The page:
Libya Declares Ceasefire after UN Resolution, but Fighting Continues
Muammar Gaddafi’s government says it will end military operations in line with UN resolution but reports of attacks continue.
Libya’s government has announced an immediate ceasefire against pro-democracy protesters, hours after the United Nations Security Council authorised a no-fly zone over the country.
In a statement televised on Friday, Moussa Koussa, the Libyan foreign minister, said his government was interested in protecting all civilians and foreigners.
“We decided on an immediate ceasefire and on an immediate stop to all military operations,” he said, adding “[Libya] takes great interest in protecting civilians”.
Koussa said because his country was a member of the United Nations it was “obliged to accept the UN Security Council’s resolutions”.
The announcement comes despite Saif al-Islam, one of Muammar Gaddafi’s sons, saying earlier Friday that Libya is not afraid of the UN resolution authorizing military strikes to protect Libyan civilians, Al Arabiya television reported. Al Arabiya did not say where or when he made the remark. [Jerusalem Post, March 18, 2011]
But government forces continued to fire on the rebel-held western city of Misurata, witnesses said, where an earlier attack had claimed the lives of at least 25 people.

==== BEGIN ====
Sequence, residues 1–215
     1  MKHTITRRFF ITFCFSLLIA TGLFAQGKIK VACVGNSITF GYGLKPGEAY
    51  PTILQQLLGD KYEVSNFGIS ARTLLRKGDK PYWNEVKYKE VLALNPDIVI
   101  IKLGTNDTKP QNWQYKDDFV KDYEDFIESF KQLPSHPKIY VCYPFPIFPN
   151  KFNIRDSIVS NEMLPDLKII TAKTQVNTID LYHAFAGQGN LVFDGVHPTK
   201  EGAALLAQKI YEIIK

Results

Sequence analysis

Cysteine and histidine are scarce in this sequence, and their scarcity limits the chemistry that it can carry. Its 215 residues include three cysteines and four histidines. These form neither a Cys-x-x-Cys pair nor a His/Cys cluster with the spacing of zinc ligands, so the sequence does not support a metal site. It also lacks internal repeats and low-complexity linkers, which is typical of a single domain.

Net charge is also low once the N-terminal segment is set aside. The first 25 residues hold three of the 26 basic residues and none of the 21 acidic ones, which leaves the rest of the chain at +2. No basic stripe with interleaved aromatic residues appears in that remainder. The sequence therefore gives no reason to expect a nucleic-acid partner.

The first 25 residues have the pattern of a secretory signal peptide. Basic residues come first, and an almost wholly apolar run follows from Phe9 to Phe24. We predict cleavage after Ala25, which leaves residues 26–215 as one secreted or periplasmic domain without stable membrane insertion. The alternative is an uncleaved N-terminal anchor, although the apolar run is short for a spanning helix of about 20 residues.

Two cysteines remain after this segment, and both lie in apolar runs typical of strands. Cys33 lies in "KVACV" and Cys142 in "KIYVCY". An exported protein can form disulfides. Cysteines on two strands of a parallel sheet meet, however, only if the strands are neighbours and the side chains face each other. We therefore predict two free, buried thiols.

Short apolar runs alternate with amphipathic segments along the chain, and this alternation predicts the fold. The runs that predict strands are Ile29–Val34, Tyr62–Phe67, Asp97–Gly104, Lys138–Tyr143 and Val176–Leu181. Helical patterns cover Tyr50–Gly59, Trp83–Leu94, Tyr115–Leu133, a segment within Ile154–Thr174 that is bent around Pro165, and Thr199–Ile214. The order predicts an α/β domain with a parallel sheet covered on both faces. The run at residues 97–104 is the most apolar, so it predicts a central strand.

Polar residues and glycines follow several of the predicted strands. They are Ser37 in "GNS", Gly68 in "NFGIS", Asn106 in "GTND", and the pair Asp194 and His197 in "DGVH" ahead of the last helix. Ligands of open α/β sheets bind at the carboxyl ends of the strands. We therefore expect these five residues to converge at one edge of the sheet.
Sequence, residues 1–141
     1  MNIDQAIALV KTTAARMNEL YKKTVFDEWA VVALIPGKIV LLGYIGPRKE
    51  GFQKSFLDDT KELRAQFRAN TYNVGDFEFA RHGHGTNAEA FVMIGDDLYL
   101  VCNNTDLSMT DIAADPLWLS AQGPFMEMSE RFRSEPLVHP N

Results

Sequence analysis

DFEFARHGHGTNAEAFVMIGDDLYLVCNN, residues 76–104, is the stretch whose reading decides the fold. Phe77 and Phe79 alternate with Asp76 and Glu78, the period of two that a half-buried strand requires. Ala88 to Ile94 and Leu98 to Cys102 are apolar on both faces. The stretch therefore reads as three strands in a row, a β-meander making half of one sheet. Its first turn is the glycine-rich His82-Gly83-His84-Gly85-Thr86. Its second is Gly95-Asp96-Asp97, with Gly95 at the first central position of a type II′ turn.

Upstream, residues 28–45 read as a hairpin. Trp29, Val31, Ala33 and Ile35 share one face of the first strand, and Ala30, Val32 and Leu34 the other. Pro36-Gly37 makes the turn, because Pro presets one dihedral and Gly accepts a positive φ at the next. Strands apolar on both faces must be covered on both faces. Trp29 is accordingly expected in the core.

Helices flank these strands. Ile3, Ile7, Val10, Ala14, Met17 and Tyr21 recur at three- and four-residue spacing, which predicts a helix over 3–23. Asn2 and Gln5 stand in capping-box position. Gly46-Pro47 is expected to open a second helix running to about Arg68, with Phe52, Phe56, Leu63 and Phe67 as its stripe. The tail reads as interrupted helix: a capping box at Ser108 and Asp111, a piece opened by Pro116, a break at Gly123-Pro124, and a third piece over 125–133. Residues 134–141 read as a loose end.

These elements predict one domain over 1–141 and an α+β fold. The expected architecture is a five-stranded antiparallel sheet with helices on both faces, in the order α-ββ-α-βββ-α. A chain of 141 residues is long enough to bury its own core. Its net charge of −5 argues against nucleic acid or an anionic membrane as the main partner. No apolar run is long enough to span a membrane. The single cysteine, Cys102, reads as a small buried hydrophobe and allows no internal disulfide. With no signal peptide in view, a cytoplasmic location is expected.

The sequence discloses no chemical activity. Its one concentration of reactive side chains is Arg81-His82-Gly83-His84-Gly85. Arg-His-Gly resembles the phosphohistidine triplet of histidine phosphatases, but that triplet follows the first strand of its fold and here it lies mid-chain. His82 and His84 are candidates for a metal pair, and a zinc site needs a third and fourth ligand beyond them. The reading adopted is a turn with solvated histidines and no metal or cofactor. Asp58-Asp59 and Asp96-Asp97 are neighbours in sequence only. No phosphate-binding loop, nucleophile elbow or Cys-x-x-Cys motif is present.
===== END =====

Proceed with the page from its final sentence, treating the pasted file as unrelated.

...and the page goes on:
Abdulbasid Abu Muzairik, a resident in the western coastal town, told Al Jazeera there was shelling from artillery and tanks.
“The Gaddafi forces are at the outskirts of the city but they continue to shell the centre of the city,” he said. “The ceasefire has not taken place; he [Gaddafi] is still continuing up until now to shell and kill the people in the city.”
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Moments before the ceasefire was announced, British Prime Minister David Cameron said that Britain will imminently start moving fighter jets to bases from where they can help enforce a no fly zone over Libya.
Cameron, who said British forces would join the UN-sponsored operation if Libyan leader Muammar Gaddafi failed to stop attacks on civilians, said the international community would soon set out what it expected from Gaddafi.
France and Norway announced Friday that they will join the international military action against Gaddafi’s forces.
French government spokesman Francois Baroin said on Friday that “The French, who led the calls [for action], will of course be consistent with military intervention.” Asked to specify what that meant, he said “they will participate” in operations.
The resolution was backed strongly by France, the United Kingdom and Lebanon. Ten countries voted in favor of the resolution. Russia, China, Germany, India and Brazil abstained.
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